In order to expose Levi, CCMSI hired an investigative agency to prepare a lengthy report summarizing all of the facts to support a fraud claim. However, despite strong evidence, the Worker’s Compensation Commission Fraud Unit declined to find fraud. Undeterred, Defense counsel asked the arbitrator to dismiss the claim because of petitioner’s deliberate misrepresentations. The arbitrator would not dismiss the case. Defense counsel alternatively asked for a fraud ruling by the arbitrator, but the arbitrator would not even consider it, stating, “You are not raising that issue in my courtroom.” Utilizing a system so accustomed to rewarding illegitimacy, Levi forged ahead with his claim requiring a trial.
Levi planned to rely on the “aggravation theory” – the employer’s nemesis in Illinois worker’s compensation claims. At trial, Levi tried to distinguish his prior symptoms from his alleged new ones, and claimed the work accident aggravated his prior condition. He persisted with his lies. Defense counsel strenuously cross-examined Levi to discredit his guise. Ultimately, the arbitrator ruled in Double D’s favor, denying that Levi had a work accident. MTRMA would not have to pay hundreds of thousands of dollars in additional medical bills for surgery, several years’ worth of TTD, and permanent disability. Unfortunately, past benefits had already been paid, and the Worker’s Compensation Commission has no jurisdiction to order that benefits be returned to the employer. Defense counsel made a written demand for Levi to return MTRMA’s money. Levi refused to voluntarily repay the benefits. Levi threatened to file bankruptcy if the employer pursued reimbursement. The Commission had declined to find worker’s compensation fraud, so Levi could avoid repayment by filing bankruptcy.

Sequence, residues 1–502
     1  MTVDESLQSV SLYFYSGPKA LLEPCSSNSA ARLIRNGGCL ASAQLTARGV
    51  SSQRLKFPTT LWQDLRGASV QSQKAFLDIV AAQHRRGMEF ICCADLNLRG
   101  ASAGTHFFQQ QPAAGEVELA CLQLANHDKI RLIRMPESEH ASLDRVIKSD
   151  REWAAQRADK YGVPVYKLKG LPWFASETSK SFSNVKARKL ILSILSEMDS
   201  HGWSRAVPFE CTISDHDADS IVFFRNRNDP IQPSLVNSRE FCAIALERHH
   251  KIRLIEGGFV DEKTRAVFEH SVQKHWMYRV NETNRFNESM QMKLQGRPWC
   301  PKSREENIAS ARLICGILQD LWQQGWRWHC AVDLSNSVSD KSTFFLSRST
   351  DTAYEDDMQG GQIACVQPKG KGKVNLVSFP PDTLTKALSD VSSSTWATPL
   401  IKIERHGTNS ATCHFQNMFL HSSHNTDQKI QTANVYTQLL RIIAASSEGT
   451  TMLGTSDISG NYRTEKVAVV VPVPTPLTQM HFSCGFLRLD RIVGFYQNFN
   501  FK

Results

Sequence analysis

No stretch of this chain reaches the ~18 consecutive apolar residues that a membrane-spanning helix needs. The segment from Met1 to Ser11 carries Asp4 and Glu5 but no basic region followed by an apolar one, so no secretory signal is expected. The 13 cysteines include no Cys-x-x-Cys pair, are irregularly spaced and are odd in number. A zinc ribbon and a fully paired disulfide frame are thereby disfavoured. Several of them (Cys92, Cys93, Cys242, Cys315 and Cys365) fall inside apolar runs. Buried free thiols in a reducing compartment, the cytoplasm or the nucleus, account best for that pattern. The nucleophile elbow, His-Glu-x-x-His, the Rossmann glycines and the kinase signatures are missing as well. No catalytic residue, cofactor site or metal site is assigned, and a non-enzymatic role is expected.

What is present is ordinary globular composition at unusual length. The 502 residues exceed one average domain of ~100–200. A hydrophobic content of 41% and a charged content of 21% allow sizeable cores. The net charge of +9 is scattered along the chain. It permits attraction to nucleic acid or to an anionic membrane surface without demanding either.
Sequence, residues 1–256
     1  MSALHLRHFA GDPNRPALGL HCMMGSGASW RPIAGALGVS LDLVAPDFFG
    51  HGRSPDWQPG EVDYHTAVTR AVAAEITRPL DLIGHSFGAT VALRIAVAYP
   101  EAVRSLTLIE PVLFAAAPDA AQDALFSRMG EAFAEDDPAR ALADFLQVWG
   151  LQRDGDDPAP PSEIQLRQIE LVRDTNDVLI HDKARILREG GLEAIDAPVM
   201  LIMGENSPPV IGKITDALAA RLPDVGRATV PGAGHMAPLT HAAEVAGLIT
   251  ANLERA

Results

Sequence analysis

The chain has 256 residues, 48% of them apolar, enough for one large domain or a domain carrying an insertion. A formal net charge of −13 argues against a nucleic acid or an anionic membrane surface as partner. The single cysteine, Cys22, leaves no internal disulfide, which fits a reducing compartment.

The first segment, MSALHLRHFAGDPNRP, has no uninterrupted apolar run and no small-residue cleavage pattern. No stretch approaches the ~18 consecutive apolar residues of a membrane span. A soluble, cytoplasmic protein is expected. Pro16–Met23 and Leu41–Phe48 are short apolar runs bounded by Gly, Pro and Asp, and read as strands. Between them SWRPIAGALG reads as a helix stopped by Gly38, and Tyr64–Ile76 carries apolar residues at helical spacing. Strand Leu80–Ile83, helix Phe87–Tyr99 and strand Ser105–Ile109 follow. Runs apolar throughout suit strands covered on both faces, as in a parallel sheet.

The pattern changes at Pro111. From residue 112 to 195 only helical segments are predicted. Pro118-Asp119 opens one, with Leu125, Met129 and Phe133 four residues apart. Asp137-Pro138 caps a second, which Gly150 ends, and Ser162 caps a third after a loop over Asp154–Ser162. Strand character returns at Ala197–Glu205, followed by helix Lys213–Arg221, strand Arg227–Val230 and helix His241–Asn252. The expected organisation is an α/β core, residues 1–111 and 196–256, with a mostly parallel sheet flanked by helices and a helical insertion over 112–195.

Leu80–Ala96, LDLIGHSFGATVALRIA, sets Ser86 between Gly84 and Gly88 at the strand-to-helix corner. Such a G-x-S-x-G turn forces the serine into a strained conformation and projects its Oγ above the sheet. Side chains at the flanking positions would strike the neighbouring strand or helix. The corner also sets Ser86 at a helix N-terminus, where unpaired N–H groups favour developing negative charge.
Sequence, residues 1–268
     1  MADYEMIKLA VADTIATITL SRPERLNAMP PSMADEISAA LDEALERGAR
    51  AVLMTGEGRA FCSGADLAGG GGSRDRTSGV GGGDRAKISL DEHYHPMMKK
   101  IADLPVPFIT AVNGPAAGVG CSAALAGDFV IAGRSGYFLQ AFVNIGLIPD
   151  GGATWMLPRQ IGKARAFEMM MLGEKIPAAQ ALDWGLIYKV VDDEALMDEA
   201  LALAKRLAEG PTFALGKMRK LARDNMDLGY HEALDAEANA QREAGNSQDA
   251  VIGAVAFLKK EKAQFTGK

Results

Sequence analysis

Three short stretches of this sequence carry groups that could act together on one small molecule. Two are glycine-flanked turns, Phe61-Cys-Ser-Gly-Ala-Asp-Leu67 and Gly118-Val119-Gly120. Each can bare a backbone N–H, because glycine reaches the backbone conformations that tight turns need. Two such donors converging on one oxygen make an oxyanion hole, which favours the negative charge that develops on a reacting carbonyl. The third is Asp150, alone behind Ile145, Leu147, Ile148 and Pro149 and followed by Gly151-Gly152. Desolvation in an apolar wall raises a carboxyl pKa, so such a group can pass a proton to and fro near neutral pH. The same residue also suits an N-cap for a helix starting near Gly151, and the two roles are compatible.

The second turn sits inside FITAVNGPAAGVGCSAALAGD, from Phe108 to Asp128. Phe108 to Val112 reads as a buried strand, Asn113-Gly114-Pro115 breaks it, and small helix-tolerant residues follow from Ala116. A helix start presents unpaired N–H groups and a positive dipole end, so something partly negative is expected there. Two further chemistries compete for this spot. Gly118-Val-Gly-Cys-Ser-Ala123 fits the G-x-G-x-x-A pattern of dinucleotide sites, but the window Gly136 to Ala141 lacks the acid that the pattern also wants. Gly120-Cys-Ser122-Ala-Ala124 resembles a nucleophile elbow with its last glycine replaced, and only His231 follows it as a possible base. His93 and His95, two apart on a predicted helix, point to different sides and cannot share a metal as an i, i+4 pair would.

Defense counsel was determined not to let Levi get away with keeping MTRMA’s money. In order to prevent a bankruptcy filing, defense counsel would have to prove civil fraud, which cannot be discharged in bankruptcy. There was no settled civil worker’s compensation fraud precedent in Illinois, so MTRMA had an uphill battle. Defense counsel filed a civil lawsuit on Double D’s behalf against Levi. After lengthy briefing and months of legal motions, the judge ruled in Double D’s favor, finding civil fraud. Levi was ordered to repay all benefits back to MTRMA. Defense counsel did not stop there, but asked the judge for a hearing to award attorney’s fees and to punish Levi with punitive damages. After impassioned arguments, the court awarded both. Levi begged the employer to forgive him and to please excuse the debt, as he had spent the money. The Double D and MTRMA team did not. Defense counsel argued that if Levi does not have the assets, he could repay with a payment plan. The judge agreed. After a long battle, the judge ruled Levi is responsible to repay all benefits, Double D’s attorney’s fees, and punitive damages.
In the end, what appeared to be a mundane, compensable worker’s compensation claim resulted in an unprecedented win for Illinois employers. Instead of six figures in payments for a phony claim, an employee was punished for perpetuating a fraud. For once, the employer will be paid. Like the Oracle of Delphi, MTRMA has been heard: leave no stone unturned, and the treasure will be found. The hard work of the MTRMA team moving every stone scored a major victory for employers battling the difficult business environment with Illinois worker’s compensation claims.
James M. Kelly handled the Double D v. Larry Levi workers’ compensation claim and the civil fraud claim. The James Kelly Law Firm is based in Peoria, Illinois and represents CCMSI, MTRMA, and employers throughout the State of Illinois.